Away vs. towards candidates
Many employers and recruiting professionals have a favourite interview question. I have mine too - it's simply "why are you sitting here today?". But to understand why this is my favourite question, you first need to understand the difference between away and towards candidates.
The away candidate wants to get away from a painful situation that is causing them stress or discomfort. They may be unemployed or at risk of getting fired, or the company they are working for may be struggling to remain viable. These candidates tend to look at things negatively, as they are focused on alleviating their pain. As such, they may say:
The towards candidate, on the other hand, is drawn towards something better. They are not trying to escape a painful situation, so their motivation is very different to the away candidate. These candidates focus on what they could get in a new role, and how it will make them even happier than they currently are. As such, they may say:
Interview questions to explore
I recommend asking candidates the following questions regarding the status quo, urgency and impact expectancy. From the answer they give, you will be able to establish whether you are talking to an away or a towards candidate.
An article for First Round Review details the favourite interview questions from a range of employers. Some that I found of interest include:
Why are you sitting here today?
This takes me back to my own favourite interview question - "why are you sitting here today?". The answer you receive will tell you why the candidate is looking for a new job. And from this, you will be able to establish whether they are an away or a towards candidate.
If you are considering an away candidate for your role, you should be careful if their pain is self-inflicted (e.g. poor performance). You need to ask yourself - will this pain be carried over into their new job? If the answer is yes, then you should reject them.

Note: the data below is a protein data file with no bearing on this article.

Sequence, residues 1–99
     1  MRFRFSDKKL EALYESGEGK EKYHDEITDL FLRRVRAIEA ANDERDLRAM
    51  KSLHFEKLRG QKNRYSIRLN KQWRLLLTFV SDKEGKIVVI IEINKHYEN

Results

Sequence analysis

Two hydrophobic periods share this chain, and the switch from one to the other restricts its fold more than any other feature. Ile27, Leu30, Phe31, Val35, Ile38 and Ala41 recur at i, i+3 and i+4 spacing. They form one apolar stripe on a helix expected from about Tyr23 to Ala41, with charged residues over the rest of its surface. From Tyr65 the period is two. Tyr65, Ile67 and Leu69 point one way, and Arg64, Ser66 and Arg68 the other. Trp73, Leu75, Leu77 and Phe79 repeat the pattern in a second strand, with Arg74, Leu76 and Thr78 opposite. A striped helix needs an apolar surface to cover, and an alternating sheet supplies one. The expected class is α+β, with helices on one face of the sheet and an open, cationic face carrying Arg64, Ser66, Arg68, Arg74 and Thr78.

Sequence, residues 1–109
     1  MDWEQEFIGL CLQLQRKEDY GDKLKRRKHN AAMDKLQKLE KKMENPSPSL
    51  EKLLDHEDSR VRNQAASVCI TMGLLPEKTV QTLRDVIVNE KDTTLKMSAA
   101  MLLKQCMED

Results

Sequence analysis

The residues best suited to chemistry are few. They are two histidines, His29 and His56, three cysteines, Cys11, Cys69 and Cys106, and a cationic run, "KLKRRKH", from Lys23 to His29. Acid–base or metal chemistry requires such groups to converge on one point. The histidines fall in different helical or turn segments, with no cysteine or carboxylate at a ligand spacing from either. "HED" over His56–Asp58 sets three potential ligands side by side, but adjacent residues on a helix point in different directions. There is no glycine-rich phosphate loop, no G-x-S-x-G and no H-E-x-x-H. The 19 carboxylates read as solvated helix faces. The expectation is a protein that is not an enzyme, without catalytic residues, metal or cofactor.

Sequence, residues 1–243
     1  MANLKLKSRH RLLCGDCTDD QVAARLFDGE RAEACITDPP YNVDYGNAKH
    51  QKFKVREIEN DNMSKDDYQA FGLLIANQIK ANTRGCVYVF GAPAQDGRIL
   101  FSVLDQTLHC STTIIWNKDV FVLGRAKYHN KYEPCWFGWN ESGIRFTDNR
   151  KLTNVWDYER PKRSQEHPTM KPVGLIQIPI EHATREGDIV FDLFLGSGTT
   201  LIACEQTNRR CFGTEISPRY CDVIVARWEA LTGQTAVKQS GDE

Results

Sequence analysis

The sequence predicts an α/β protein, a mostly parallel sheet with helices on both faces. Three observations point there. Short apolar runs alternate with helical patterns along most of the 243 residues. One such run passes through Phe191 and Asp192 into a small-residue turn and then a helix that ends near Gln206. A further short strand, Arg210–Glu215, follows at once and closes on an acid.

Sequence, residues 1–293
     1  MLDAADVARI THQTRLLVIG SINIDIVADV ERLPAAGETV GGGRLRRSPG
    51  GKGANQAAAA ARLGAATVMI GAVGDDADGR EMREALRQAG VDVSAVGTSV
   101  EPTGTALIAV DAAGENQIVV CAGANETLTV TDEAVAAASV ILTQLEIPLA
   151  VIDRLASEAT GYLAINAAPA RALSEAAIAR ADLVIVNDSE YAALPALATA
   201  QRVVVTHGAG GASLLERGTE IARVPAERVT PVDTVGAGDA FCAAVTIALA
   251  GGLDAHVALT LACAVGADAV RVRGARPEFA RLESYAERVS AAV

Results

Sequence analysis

However, being an away candidate isn't always a negative. If the candidate is not responsible for their pain, then we can often secure them by offering the same conditions as their current role. As long as their pain is alleviated, they will likely accept the offer.
Conversely, if you are considering a towards candidate, you will need to be prepared to offer 30% more than what they already have. If you cannot offer them this, they will not accept the role. As such, towards candidates are typically more expensive to get on board.
If you think you're interviewing a towards candidate, but they are willing to accept the same conditions as they currently have, you may need to dig further. Ask probing questions to find out if there is some pain the candidate wishes to alleviate, and determine whether that pain is self-inflicted.
So, next time you prepare your list of interview questions, you should ask the candidate about their motivation. This will make it easier for you to determine whether you should make an offer of employment, and what you will need to offer the candidate to get them to say "yes".
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